Managers of the state's prepaid college tuition plan are giving investors an incentive to roll their money over into a different type of investment option, offering them a 38 percent increase in the value of their accounts.
If you have money put aside in GET — Washington’s prepaid college-tuition program — and you bought in before July 2015, you should read this story.
On Tuesday, the state board that oversees the Guaranteed Education Tuition (GET) plan voted to give folks who bought their units before July 2015 what could be a sweet deal for some: If they roll the units over into the state’s new 529 college investment plan, called DreamAhead, the units now valued at $103.86 apiece will jump in value to $143 apiece.
It’s an increase of nearly 38 percent. For a family with 400 GET units, that’s a jump in value of $15,656. There’s a three-month window to act, which starts June 15 and ends Sept. 12.
This unusual offer is happening because GET has a reserve of nearly $600 million, or 33 percent more than it expects to pay out to its account-holders over time. The investment fund, which is owned by its investors and managed by the state, has grown in part because tuition is rising more slowly than expected, and in part because of gains in the stock market.
Most Read Local Stories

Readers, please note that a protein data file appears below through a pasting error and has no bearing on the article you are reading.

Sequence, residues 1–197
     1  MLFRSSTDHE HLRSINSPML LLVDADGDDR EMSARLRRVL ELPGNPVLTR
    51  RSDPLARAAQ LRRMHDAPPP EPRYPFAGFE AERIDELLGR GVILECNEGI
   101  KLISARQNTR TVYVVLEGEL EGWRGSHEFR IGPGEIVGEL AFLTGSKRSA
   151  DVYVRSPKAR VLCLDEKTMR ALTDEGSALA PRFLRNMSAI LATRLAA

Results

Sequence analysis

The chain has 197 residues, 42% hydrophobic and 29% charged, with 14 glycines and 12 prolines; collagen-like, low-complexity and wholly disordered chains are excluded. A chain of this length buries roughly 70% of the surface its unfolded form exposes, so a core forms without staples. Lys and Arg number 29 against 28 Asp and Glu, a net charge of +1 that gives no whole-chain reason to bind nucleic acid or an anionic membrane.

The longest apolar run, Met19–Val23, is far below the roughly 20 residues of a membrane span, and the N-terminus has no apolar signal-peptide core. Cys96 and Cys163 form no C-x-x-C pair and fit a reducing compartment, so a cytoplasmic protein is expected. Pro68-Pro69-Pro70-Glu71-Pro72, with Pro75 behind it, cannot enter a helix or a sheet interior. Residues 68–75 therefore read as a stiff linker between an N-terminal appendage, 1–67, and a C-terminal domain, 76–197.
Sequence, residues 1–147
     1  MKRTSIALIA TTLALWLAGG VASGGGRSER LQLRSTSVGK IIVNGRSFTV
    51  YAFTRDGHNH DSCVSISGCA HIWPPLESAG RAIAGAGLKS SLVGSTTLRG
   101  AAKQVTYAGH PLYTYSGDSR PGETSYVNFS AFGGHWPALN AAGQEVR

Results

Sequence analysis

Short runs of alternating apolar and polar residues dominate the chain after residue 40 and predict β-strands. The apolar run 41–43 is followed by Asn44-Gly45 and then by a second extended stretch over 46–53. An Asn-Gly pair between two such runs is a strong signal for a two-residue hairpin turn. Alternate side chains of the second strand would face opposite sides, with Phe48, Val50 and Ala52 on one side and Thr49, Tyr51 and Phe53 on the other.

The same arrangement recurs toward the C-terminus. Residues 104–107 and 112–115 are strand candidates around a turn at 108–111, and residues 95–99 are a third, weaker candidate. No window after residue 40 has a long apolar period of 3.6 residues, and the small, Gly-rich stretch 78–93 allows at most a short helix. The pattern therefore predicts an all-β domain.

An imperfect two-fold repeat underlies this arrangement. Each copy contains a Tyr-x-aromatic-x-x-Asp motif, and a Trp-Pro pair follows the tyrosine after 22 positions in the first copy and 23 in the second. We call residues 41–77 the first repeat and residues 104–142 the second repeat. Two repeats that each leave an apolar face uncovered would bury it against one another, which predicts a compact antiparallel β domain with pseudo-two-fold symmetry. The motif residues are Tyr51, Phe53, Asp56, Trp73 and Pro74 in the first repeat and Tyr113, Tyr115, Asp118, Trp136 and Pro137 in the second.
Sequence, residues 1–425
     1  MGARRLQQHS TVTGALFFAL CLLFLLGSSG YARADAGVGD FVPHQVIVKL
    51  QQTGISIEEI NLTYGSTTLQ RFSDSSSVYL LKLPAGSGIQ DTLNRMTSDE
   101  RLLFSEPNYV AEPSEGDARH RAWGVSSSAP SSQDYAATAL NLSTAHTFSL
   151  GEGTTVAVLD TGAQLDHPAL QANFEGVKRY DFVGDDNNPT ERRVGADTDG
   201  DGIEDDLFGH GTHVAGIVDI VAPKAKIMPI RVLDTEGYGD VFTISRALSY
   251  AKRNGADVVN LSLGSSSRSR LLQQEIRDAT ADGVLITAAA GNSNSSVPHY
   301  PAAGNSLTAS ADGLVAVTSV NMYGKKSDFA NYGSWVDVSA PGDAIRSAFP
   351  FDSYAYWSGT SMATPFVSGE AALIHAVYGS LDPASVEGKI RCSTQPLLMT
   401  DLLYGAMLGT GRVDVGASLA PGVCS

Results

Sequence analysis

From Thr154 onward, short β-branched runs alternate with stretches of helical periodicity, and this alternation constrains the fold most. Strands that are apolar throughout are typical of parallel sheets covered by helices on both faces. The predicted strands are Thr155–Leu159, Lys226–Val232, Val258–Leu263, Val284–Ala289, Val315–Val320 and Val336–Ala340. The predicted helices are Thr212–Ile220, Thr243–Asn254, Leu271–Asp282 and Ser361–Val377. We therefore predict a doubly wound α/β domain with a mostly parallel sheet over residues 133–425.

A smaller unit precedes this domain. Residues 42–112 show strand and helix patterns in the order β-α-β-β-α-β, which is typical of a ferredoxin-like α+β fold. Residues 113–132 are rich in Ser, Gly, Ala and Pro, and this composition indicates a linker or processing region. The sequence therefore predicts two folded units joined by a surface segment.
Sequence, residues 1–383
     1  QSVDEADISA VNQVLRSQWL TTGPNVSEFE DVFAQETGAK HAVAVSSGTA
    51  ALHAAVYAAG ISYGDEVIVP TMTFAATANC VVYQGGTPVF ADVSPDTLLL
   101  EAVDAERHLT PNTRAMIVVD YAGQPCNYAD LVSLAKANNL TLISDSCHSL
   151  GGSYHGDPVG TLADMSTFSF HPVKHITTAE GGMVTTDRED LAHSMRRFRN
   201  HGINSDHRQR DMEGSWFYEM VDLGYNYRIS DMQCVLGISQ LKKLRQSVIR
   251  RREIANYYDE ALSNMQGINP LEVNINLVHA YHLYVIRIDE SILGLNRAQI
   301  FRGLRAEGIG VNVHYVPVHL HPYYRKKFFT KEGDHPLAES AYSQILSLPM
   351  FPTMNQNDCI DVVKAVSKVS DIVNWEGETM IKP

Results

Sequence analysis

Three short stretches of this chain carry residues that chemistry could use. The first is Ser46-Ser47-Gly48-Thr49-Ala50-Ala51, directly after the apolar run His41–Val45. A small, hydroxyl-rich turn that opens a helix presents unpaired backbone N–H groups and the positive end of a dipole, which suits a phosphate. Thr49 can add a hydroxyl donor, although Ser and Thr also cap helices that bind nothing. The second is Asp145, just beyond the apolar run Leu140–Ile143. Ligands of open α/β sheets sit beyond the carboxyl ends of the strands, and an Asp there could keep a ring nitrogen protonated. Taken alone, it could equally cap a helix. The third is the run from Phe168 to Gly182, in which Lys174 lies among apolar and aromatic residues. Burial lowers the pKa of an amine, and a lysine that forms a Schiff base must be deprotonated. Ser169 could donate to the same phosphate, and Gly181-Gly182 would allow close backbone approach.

- Permanent closure of Alaskan Way Viaduct delayed until January
- Angry at plight of southern-resident orcas, speakers rebuke NOAA in public meetings
- What would it cost to house and provide treatment for Seattle's homeless?
- ‘What a mess’: Texts by Seattle mayor, council member shed light on head-tax repeal | Times Watchdog
- Promise of $100,000 in scholarships to 10 Seattle teens never came, but local black community is stepping in to help
As a way to redistribute the gains while also encouraging people to buy into the new DreamAhead plan, the Legislature passed a bill in the last session to give investors an incentive to move their money into DreamAhead.
DreamAhead gives investors a variety of investment options, many of which are tied to the stock market. But the risk is borne by the investor, so a stock market tumble could cause college savings to erode.
As if to underscore that point, on Tuesday the Dow Jones industrial average fell by 400 points. However, as with a 401(k), not all DreamAhead investment options are based on the stock market.
DreamAhead also charges a couple of fees that aren’t part of GET, including a $35 annual fee, a .12 percent manager fee and a .1 percent administrative fee that goes to the state. As well, there are variable fees for the underlying investments, which range from 0.056 to 0.180 percent. (Some other states’ 529 plans charge lower fees.) Legislators hope they can drive down the fees associated with DreamAhead if more people participate.
There’s no fee to open a GET account if you do it online, and there is no annual fee. But expenses are built into the unit price. In any given year, expenses make up about 3 to 5 percent of the unit purchase price, said Luke Minor, GET senior associate director. In addition, for those who buy GET units each month using what’s called a custom monthly plan, there is a 7.5 percent finance charge and a small monthly payment processing fee.